Fandeliers generally don’t move air as well as traditiona­l fans, Johnson says, because they tend to have shorter blades and smaller motors. Haire says they make the most sense in bedrooms, playrooms, home gyms and offices. They go well with industrial or farmhouse looks. “I still prefer regular chandelier­s in sitting rooms and living rooms,” she says.

It’s important to consider scale when choosing one, Haire adds. Fandeliers are often smaller than a traditiona­l ceiling fan, “so it’s important to make sure it won’t be underwhelm­ing in the space,” she says. They usually won’t work with high (12-foot or greater) ceilings, because their typically smaller scale would be underwhelm­ing in a tall room. And the opposite is also true: Lower ceilings (seven feet) will not be able to accommodat­e the drop of a fandelier.

Mcclanahan has used them in formal dining rooms, when some

thing more elegant was called for, and even in bathrooms. (Make sure your bathroom ceiling height can safely accommodat­e one, and look for models that are rated for outdoor or wet use.) “Who couldn’t use more air circulatio­n in their bathroom after taking a shower?” she says. Bedrooms are where fans are most requested, she adds. “When you are looking up from your bed, would you rather see something beautiful or something utilitaria­n?” She is starting to see models equipped with more features, such as smartphone controls.

Johnson says that, although the term “fandelier” has been a running joke in the lighting industry for years, “now people are coming in and asking for them.”

Silver Spring designer Charles Almonte had never heard of a fandelier until recently, when a client showed him a Moooni combo crystal chandelier and retractabl­e fan with clear blades that she had installed in her office. It comes with a remote.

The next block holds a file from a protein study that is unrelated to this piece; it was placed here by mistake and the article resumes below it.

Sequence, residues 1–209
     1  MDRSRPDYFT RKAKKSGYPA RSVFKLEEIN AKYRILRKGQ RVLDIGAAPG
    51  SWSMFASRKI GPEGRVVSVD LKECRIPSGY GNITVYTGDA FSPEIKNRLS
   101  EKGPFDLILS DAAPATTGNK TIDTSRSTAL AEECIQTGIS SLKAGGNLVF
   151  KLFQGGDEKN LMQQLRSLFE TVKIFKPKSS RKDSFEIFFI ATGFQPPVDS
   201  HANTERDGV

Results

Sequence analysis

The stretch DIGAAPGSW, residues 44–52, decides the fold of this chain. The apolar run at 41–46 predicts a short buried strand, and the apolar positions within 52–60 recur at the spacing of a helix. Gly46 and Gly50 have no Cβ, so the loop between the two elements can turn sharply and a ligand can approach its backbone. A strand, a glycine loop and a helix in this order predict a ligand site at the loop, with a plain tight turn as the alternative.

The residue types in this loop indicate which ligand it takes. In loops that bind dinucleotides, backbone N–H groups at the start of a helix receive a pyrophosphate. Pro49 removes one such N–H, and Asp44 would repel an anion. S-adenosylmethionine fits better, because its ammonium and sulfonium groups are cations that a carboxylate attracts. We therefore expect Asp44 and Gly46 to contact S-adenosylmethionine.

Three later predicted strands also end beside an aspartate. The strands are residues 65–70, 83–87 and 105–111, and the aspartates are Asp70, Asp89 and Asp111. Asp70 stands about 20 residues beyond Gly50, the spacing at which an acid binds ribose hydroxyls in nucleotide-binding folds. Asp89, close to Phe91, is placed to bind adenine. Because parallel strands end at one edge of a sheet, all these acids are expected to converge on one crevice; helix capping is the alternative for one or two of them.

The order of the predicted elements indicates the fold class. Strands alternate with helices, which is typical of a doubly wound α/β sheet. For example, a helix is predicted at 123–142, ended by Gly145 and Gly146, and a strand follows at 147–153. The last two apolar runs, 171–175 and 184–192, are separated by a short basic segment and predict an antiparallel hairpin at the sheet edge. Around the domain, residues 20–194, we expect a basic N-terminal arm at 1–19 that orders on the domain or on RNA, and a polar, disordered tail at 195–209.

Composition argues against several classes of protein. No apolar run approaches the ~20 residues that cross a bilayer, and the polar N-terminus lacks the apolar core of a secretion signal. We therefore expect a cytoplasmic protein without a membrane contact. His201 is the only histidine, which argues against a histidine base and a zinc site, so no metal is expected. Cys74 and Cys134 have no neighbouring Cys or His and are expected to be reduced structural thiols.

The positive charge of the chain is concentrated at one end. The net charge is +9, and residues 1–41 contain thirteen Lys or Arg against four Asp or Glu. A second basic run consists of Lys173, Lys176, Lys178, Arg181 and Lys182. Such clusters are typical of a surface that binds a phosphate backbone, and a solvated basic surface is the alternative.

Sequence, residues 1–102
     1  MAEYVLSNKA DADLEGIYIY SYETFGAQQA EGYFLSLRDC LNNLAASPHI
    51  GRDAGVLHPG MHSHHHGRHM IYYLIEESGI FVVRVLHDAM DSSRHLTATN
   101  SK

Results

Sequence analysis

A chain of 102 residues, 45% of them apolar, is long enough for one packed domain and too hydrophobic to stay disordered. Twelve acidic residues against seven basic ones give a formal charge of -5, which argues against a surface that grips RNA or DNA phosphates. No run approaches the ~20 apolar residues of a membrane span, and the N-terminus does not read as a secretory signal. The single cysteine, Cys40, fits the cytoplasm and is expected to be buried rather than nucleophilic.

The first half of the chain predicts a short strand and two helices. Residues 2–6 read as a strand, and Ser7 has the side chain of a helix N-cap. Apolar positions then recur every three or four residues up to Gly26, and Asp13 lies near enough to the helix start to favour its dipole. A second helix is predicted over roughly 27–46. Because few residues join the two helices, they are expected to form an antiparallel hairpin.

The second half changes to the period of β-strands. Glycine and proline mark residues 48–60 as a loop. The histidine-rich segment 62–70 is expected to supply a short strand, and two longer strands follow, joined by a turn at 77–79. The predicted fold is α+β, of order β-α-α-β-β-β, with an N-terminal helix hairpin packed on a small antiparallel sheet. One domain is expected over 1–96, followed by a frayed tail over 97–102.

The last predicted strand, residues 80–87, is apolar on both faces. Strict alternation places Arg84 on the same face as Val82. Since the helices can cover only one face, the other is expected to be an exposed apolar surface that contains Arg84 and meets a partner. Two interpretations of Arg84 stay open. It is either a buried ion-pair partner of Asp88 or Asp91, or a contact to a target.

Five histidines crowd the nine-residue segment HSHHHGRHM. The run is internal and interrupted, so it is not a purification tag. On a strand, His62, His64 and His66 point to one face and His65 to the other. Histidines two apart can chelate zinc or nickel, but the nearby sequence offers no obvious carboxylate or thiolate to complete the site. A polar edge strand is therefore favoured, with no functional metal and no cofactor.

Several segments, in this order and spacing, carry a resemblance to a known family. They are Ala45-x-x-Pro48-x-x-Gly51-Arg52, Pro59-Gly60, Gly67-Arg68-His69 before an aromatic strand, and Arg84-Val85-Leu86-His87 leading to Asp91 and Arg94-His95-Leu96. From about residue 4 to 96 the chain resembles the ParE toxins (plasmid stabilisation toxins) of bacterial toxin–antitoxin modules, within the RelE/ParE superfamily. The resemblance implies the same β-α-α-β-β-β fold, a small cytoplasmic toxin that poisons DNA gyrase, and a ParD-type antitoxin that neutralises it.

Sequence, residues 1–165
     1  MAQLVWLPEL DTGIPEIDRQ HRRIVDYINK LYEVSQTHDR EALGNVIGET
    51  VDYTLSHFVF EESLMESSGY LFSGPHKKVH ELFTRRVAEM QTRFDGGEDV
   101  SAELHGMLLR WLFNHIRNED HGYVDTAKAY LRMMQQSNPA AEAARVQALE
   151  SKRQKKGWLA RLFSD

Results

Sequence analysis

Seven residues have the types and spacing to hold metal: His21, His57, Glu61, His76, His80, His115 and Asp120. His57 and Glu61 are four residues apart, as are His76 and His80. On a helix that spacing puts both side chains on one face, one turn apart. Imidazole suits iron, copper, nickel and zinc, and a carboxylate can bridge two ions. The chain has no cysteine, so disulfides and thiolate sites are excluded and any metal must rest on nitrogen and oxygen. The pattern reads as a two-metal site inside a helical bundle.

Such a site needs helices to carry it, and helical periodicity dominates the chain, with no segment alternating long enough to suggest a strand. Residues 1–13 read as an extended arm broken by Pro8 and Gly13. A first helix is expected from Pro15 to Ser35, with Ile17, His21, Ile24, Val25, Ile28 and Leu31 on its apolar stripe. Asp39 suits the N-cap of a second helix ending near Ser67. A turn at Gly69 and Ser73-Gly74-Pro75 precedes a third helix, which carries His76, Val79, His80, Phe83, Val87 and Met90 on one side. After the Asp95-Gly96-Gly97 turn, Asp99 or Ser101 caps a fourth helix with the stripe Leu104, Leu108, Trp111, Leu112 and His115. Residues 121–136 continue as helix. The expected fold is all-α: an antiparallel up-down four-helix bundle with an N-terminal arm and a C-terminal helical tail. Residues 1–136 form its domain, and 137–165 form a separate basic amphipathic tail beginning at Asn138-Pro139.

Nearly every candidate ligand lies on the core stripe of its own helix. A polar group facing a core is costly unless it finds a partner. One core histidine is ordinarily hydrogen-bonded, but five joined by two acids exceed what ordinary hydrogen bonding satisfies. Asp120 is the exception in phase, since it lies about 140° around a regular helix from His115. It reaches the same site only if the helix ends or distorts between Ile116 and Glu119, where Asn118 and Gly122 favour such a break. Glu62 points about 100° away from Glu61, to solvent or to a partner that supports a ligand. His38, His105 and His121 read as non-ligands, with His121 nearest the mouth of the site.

He’s still on the fence about them. “The designs are still a bit clunky,” he says. His client, however, is ordering two more.

■ Chat Thursday at 11 a.m. Claude taylor and Jessie bahrey of the room rater join staff writer Jura Koncius for our weekly online Q&a on decorating and household advice. Submit questions at

 ?? Kimberly Haire ?? CLOCKWISE FROM LEFT: A fandelier, which marries the air circulatio­n of a fan with the elevated look of a chandelier, hangs in designer Kimberly Haire’s daughter’s room in Georgia; the Montana fandelier from Shades of Light combines rustic faux wood with bronze hardware; In Studio & Co. Interiors installed a fandelier in this Florida living room.
Kimberly Haire CLOCKWISE FROM LEFT: A fandelier, which marries the air circulatio­n of a fan with the elevated look of a chandelier, hangs in designer Kimberly Haire’s daughter’s room in Georgia; the Montana fandelier from Shades of Light combines rustic faux wood with bronze hardware; In Studio & Co. Interiors installed a fandelier in this Florida living room.
 ?? In Studio & Co. Interiors ??
In Studio & Co. Interiors
 ?? Shades of LIGHT ??
Shades of LIGHT